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Blood Glucose/Sugar Levels
There are multiple benefits of adding physical activity and exercise into a diabetic's daily lifestyle. One exercise effect on diabetes is that when a person exercises, the body uses the glucose in the bloodstream, sending it out to the cells in the body that use it for energy. This lowers the overall blood sugar levels in the body.
Exercise also makes the body require less insulin by increasing sensitivity to it. This means the body is less likely to send more insulin than needed throughout the body. This helps diabetics more easily control their blood glucose levels, and can result in type 2 diabetics requiring less or no medication.
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Exercise can help diabetics either maintain a healthy weight or lose extra pounds. This occurs because more calories are being burned and because the body may begin to handle glucose more efficiently, as outlined in the Lean Muscle Mass section.
Maintaining a healthy weight can reduce or eliminate the need for diabetes medications in type 2 diabetics, with many patients finding themselves ‘diabetes-free’ once they have lost weight and established healthy eating and lifestyle habits.
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When blood sugar levels are in balance, the result is a feeling of more energy that lasts consistently through the day. This increase in energy can result in higher overall productivity.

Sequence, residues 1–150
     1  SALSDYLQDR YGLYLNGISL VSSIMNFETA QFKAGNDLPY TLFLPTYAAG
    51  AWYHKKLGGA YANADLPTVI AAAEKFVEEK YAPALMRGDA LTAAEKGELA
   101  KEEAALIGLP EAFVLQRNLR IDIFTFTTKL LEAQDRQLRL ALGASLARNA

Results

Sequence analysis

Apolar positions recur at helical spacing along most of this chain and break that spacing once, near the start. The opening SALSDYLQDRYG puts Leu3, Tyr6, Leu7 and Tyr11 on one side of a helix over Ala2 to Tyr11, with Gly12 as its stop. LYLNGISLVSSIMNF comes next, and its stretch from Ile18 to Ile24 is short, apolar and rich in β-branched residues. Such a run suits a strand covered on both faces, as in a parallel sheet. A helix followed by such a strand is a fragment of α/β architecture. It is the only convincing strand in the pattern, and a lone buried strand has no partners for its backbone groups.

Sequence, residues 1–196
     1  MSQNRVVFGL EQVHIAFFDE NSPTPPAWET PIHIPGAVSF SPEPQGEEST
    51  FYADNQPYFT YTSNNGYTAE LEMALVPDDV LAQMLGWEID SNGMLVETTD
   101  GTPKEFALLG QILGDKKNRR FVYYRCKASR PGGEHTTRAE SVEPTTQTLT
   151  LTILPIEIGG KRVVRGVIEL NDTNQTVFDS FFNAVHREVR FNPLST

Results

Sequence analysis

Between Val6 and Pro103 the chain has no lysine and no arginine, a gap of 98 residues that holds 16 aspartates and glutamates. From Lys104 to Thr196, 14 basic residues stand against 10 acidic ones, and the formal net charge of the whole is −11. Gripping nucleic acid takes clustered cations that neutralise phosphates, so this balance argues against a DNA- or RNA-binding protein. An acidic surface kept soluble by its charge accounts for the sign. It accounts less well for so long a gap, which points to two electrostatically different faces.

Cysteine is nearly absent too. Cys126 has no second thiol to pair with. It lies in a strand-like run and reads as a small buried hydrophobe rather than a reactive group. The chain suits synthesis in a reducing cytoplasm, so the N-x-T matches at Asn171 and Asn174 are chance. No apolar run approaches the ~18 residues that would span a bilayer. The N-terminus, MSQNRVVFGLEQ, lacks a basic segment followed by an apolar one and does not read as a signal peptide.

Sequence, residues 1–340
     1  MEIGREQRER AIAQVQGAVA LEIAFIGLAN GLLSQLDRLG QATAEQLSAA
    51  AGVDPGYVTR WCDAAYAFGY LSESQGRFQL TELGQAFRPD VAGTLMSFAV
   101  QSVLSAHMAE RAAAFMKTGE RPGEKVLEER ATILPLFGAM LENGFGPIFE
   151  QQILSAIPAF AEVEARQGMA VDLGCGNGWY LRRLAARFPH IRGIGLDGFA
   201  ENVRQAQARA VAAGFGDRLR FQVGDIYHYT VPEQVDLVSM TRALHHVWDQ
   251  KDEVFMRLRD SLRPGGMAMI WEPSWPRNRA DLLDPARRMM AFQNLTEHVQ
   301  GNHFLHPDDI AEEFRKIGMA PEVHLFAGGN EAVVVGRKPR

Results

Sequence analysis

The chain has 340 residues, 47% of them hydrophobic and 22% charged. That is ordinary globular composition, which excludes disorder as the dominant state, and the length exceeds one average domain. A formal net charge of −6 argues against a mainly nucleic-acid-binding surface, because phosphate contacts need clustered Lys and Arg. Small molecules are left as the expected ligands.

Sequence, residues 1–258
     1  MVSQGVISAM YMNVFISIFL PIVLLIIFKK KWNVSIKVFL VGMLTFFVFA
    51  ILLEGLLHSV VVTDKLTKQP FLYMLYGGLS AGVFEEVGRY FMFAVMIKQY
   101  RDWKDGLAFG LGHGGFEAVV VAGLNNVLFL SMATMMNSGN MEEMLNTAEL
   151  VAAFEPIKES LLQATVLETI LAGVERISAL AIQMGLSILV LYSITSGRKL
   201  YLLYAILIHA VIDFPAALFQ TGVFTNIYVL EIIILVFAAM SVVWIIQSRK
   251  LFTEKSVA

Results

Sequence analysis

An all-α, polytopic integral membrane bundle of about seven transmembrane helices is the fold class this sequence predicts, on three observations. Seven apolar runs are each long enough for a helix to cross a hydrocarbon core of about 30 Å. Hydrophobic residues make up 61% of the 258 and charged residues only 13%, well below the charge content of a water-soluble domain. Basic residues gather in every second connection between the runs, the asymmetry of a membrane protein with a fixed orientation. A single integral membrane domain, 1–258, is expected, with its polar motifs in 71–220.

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Lean Muscle Mass
Exercise helps build lean muscle mass, which can be helpful to those who want to maintain or lose weight. This is because the body will decrease in body fat by using glucose in the proper way, as lean muscle mass is developed. The body can use the increased metabolism and the glucose uptake of the muscles to help regulate itself.
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Bone density and bone strength are both increased through exercise; specifically with weight training. This occurs because the bone mass is increased through the stimulation of bone formation through exercise that includes weight bearing and physical impact, such as is found in weight-training.
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Exercise lowers blood pressure by first building up the strength of the heart. When a heart is strong, it can pump blood with less effort. This lower effort reduces the force exuded on arteries, which in turn lowers blood pressure.
Lowering blood pressure levels consistently can result in the need for blood pressure medication being reduced or eliminated. It can also decrease risks for stroke and heart disease in diabetics, who are typically at higher risk.
A related benefit is that exercise can help reduce stress, which in turn can help lower blood pressure, as well.
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Exercise naturally causes the body to lower LDL cholesterol (“bad’ cholesterol (and increasing the HDL cholesterol (“good” cholesterol). This exercise effect on diabetes can help the diabetic avoid blood vessel and heart disease. It can also affect how much medication, if any, the patient will need to take for cholesterol level management.
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Diabetes Guide: Type 2 Diabetes and Exercise. WebMD. http://diabetes.webmd.com/guide/exercise-guidelines
Food & Fitness: Fitness. American Diabetes Association. http://www.diabetes.org/food-and-fitness/fitness/
Diabetes: Treatments and Drugs. Mayo Clinic Staff. March 17, 2010. http://www.mayoclinic.com/health/diabetes/DS01121/DSECTION=treatments-and-drugs